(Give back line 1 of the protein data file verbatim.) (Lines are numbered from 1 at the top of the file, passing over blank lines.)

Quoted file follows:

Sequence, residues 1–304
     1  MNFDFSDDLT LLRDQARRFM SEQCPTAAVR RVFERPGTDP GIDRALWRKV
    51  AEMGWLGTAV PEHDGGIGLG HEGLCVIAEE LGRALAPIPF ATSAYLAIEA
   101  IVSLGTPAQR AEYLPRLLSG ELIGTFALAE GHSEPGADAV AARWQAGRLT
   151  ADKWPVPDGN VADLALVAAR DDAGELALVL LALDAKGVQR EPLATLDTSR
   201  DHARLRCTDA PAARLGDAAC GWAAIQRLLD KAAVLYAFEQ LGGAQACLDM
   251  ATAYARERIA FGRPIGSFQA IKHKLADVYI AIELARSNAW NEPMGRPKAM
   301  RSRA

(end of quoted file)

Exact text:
Sequence, residues 1–304